ERP implementations provide a variety of lessons that can be applied to any organization or situation – regardless of the industry. ERP implementations in the oil and gas industry are no exception, providing a fertile learning ground for any organization about to embark on an enterprise software project.
The complexity of business operations is one of the more interesting aspects related to organizations in the oil and gas space. They typically have far-flung assets and employees to manage, have the need to track geospatial data and are heavily focused on maintenance and repair operations, all of which add to the complexity of their operations.
These complexities, in turn, translate to potential ERP implementation challenges and lessons learned.
Below are three common lessons from our experience with oil and gas ERP implementations:
1. Don’t rule out best-of-breed ERP systems. Companies in the oil and gas space are often hard-pressed to find single ERP systems that meet all of their business requirements. Even tier I solutions, such as SAP and Oracle, aren’t able to be everything to everyone and aren’t always able to handle more complex business processes, such as maintenance, repair, asset management and the geospatial data requirements. For these reasons, it is common for oil and gas organizations to seek out multiple, best-of-breed solutions that can effectively handle their diverse business operations. Companies in other industries, such as manufacturing, engineering or services firms, can benefit from this approach as well.
2. Clearly define your “to be” business processes. With complex business processes comes an even greater need to clearly define and document “to-be” business processes. More diverse business processes typically translate to more business process reengineering opportunities – along with the risk of overlooking critical aspects of these business processes. With this in mind, it is imperative that companies with unique, diverse or relatively complex business operations spend more time defining how their business processes will look in the future. Organizations in similar situations should remember not to fall for the “let the software reengineer the business for us” trap. Instead, your business processes should drive how the software will ultimately be configured during implementation.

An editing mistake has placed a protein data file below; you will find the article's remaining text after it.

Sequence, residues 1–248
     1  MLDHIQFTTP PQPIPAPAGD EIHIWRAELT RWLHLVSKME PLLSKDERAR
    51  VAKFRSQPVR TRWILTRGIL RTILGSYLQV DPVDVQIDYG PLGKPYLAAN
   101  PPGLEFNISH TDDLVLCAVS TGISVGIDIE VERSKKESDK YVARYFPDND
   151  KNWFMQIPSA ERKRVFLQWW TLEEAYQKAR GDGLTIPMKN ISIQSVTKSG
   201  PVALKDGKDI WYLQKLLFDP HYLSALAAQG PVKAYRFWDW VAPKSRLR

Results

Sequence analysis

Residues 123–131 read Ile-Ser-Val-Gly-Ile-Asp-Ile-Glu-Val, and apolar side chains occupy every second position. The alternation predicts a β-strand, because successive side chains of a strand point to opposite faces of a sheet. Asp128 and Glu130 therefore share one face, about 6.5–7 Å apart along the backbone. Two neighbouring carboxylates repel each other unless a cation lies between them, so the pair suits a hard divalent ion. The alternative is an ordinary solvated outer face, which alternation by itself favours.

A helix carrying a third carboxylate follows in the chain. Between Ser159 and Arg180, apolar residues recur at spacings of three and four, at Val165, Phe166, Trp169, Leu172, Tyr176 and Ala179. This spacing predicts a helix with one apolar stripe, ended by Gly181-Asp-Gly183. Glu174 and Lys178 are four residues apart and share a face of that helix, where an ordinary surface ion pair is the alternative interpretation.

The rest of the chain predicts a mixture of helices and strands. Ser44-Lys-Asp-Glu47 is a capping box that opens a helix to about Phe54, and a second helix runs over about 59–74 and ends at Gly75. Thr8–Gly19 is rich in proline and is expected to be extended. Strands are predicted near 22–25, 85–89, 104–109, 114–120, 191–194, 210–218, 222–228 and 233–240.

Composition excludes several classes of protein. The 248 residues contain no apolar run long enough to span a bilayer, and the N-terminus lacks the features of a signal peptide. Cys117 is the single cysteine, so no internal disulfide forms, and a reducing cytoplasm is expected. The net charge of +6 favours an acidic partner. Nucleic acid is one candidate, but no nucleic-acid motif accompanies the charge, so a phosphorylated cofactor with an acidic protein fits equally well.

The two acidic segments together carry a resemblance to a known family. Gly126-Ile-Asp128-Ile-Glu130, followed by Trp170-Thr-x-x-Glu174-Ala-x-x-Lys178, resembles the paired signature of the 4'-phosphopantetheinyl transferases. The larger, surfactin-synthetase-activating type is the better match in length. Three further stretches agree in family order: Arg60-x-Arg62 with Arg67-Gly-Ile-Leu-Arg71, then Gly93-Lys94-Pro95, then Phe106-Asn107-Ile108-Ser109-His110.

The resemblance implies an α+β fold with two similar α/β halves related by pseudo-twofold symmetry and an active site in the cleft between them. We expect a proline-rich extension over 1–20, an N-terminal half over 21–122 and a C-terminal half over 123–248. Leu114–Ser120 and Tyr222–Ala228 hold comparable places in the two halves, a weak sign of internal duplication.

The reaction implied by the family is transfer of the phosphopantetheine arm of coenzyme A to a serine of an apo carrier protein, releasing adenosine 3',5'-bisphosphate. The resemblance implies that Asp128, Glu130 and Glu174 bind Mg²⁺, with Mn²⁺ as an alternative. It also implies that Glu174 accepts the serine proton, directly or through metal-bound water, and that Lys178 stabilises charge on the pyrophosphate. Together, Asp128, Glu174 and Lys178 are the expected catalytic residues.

3. Remember that organizational change management will make or break your ERP implementation. The operational complexities outlined above typically result in more significant changes for employees. While organizational change management is critical for any ERP implementation, it is especially important for organizations with more substantial business process and “people” changes. In order to address these changes, a comprehensive organizational change management plan should include all the major components required for change, including training, communications, organizational readiness and benefits realization. Click through to learn more about the essential components of an effective organizational change management plan.
While these lessons may sound specific to the oil and gas sector, they can and should be applied to every industry. Every company has unique complexities to consider during implementation, so these tips should help your organization’s ERP project as well.
Learn more by reading a case study of one of our oil and gas clients.